It’s my second favourite animated Disney movie of all time (because nothing beats The Lion King and that’s an undisputed fact), therefore I’m sure you can understand that since learning of the live action remake of Beauty and the Beast I’ve been beyond excited. It finally opened in cinemas last week and I was first in the door (yes, small child in row F, I did beat you up the stairs) So while I won’t give a proper review, I will muse a little…
- Belle is a princess for our generation. And by ‘our’, I mean any woman or girl living in today’s world, no matter what age. Still the bookworm of the original film, she’s also intuitive and independent, able to look after herself and keen to empower younger girls to do the same. She thwarts unwanted advances with the disdain they deserve and seems to know her worth – a Disney role model, for sure.
- It’s laugh out loud funny. The humour is mature, often subtle and at times quite dry which is right up my street. Gaston, played ingeniously by Luke Evans, is the main source, even when flanked by regular funny man Josh Gad. For Gaston to be so comedic while still remaining such a formidable figure is really impressive.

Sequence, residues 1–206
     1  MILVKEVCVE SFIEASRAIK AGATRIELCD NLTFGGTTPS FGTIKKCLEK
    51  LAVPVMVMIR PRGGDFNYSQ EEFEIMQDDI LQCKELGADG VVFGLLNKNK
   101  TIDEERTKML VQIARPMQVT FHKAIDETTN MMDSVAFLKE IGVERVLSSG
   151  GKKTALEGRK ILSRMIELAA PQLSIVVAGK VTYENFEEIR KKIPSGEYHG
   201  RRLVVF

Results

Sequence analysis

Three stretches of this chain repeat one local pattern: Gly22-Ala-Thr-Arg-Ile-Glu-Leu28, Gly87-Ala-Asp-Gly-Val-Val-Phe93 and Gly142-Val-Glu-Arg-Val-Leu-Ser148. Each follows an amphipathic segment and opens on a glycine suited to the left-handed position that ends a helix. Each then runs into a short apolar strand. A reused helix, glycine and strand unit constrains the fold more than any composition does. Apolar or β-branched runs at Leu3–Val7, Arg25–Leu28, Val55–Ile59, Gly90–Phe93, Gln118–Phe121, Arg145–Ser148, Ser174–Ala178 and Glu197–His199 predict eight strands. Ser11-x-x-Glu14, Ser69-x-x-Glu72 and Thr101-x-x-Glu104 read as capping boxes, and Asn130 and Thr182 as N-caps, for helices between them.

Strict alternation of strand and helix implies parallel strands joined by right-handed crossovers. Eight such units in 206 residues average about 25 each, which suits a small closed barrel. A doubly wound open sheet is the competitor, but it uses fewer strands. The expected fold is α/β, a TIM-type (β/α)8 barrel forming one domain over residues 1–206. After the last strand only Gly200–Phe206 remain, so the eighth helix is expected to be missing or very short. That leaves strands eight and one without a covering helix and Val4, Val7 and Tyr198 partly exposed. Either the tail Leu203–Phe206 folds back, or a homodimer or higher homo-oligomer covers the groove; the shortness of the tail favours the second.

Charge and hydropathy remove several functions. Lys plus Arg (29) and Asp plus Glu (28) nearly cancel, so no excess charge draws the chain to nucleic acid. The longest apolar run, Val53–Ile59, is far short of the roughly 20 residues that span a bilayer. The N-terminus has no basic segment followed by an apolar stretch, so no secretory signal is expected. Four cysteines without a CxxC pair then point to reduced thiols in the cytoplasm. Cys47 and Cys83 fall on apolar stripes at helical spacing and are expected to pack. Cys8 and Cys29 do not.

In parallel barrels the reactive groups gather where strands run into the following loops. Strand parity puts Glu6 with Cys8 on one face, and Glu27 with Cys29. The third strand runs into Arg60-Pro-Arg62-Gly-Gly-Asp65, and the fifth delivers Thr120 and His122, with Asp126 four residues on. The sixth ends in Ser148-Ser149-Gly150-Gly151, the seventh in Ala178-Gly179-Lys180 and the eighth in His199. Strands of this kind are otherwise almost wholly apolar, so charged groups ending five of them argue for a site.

- While we’re talking of stellar performances, in my opinion the whole thing is cast perfectly and I won’t hear otherwise. The choice of Emma Watson for Belle divided fans but I think she’s absolutely charming in the role, and while her singing voice isn’t the strongest it adds to the realism of the character. Dan Stevens as the Beast is stubborn and gruff and sexy (c’mon, you’re all thinking it), but most importantly he has the required vulnerability to make him likeable.
- The animation is wonderful but at times over the top. The CGI house staff cum antique objects blend seamlessly into the live action environment, but at times (particularly during the rendition of Be Our Guest) it can lean a little cartoonish.
- The whole thing has far fewer Stockholm Syndrome vibes, which is the one thing that made the original slightly problematic. Yes, Belle is held prisoner by a man who traded her father’s freedom for hers, but she wastes no time in telling him to shove it and orchestrating her escape. The majority of the film actually takes place when she is in the Beast’s company of her own volition, and it’s only then that their relationship begins to blossom.
Like I said, this post wasn’t exactly a proper review, but if you were wondering…